We thought it would be just a really great next step just to have a little bit more open discussion. So we’re going to move to a panel just before the break, obviously with our two speakers, so with TJ and Nikunj, but also asking Ashley Slagle to join us. And so if you guys would like to just come up and take a seat, we can do that. What we’d like to do, we have some questions but also look to take some more general questions from you in the audience, and also take discussion as well. As we progress with this, let’s hear your viewpoints and your comments as well on the questions that we’re looking at. But I’m just thinking to hear first from TJ on the experience of being in a clinical trial, really pertinent points there that maybe help us to understand how we can do things a little better. And then obviously the guidance with the FDA. Both Ashley and Nikunj are ex-FDA, so I know they’re not representing the FDA here but they obviously have that background as well, which is really helpful. So hopefully we can have a good discussion here.
So let me just kick off with the first panel question. We didn’t discuss how we’re going to do this, did we. I don’t know, there’s a microphone there, and maybe Ashley if you—oh you’re wired up, perfect. And Nikunj is going to shout. There you go, look at that.
So I don’t know who we’re going to address this to first, but the first question is: It’s clear how the industry might seek the voice of the patient in development and selection of COA instruments, so I think this is kind of to the point, Nikunj, that you were bringing up around we need to understand what’s important to the patient, what their priorities are, and figure out what instruments then can measure those things more effectively. So, in addition to that, where else might the patient voice be heard more in the clinical trials themselves. Maybe we should start with you, TJ, I think you’d be the ideal place to start with that.
I feel like I’ve talked so much already. I will be brief so I can pass it over to Nik and Ashley. I mentioned earlier that the voice of the patient should be part of trial design. And I’m a continual advocate for someone out there, or the industry out there, leading by example and saying, we’re going to involve the patient in the life cycle of our product, from the conception of a trial, once there is some kind of scientific basis for it, we have a patient population we think we can address an issue they have, let’s bring them in. And let’s not just bring them in. I used the example before where a company brought in metastatic breast cancer patients, they had a two-day session with them, and that was great, they had all this input. And I said, what did you do with them after that? Well, we just did our trial. For the minimal amount of cost it would take, for the time and effort and money, why didn’t you continue to involve them? Why isn’t there a standing checkpoint? Are we doing this the right way? Are we communicating our trial the right way when we put it out there to the field, to the research physicians that are basically representing us? So I think the opportunity for the industry to have that patient voice is to have it consistently part of the trial, whereas if it’s not part of the trial, there should be a reason it’s not rather than the other way around.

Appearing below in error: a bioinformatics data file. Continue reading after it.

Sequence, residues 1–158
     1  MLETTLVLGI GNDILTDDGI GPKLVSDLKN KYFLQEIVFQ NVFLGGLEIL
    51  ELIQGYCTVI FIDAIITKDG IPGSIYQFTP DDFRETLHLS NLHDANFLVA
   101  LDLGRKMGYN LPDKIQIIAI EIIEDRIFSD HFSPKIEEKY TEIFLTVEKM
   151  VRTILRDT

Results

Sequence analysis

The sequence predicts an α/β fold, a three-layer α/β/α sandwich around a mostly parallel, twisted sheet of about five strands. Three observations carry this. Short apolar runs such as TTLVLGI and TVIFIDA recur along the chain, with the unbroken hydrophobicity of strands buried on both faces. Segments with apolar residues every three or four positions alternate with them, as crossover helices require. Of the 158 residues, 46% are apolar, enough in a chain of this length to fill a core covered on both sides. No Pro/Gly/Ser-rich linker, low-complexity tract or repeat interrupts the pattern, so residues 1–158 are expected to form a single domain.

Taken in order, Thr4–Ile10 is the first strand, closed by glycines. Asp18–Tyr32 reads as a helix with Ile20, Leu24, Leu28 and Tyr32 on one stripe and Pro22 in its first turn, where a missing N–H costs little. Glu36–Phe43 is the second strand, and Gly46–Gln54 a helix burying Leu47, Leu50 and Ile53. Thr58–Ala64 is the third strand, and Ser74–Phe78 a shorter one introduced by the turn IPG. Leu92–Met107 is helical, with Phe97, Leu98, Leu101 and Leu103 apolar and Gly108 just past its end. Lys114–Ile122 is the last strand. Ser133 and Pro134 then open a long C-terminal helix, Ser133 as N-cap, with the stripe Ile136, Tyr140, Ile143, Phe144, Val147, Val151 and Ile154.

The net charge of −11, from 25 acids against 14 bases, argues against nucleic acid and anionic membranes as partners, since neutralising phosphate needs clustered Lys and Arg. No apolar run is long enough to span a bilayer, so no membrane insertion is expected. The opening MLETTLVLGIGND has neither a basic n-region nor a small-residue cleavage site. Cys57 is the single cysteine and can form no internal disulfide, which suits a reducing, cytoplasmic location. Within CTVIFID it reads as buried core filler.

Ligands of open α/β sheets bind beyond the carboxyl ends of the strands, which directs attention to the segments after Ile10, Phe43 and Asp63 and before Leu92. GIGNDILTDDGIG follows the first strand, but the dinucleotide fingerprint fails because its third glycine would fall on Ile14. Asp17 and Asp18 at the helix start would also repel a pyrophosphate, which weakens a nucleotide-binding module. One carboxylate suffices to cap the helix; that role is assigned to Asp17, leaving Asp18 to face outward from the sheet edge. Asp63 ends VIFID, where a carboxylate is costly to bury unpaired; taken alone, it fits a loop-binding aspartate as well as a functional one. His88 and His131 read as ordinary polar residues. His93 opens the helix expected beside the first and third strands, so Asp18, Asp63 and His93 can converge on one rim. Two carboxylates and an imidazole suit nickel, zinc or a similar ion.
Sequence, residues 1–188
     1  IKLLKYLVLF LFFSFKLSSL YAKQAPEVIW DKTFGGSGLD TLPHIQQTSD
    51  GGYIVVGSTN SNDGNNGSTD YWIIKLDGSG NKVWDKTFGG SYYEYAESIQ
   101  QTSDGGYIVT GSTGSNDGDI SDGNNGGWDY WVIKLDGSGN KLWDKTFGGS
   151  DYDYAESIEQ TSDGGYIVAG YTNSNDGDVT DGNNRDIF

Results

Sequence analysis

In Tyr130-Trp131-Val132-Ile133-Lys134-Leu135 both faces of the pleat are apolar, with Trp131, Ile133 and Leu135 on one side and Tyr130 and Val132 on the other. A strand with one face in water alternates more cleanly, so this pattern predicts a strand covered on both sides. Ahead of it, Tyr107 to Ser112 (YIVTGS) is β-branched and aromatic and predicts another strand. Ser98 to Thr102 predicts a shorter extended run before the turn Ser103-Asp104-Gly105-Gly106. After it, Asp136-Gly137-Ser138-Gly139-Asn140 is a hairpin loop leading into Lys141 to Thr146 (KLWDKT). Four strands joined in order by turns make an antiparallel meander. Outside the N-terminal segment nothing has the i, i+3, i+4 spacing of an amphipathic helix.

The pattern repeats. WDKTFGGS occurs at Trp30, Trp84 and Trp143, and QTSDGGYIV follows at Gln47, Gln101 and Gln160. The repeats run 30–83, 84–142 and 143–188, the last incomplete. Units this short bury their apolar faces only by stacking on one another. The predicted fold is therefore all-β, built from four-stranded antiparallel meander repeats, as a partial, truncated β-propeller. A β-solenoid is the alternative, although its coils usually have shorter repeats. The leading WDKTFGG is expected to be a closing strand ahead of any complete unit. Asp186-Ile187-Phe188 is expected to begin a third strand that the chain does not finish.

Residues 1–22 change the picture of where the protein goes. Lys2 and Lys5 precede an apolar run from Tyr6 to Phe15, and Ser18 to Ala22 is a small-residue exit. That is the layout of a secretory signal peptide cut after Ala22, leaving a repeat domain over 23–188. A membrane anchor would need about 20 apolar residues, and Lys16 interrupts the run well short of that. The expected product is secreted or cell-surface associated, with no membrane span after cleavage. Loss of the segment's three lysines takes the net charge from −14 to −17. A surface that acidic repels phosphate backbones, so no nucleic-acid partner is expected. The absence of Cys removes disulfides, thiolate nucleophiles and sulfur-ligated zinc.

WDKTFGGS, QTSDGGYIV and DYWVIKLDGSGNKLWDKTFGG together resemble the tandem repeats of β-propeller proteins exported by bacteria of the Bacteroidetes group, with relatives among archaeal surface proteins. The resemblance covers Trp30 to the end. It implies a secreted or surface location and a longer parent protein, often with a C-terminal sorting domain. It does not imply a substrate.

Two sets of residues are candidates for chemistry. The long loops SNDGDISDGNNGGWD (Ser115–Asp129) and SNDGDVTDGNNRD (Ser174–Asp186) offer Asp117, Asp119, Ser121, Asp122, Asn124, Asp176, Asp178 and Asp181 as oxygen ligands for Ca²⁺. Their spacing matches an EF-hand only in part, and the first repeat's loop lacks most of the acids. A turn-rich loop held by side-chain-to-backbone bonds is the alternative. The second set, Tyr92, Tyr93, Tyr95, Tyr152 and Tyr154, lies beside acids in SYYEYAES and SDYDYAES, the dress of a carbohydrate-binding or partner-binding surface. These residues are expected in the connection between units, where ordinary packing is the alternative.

To that point, TJ, in your experience, when you completed a trial, did anybody come and ask you about your experience or try to learn from you in any way or ask for feedback in terms of ways it could be done to make it easier for other patients coming through later?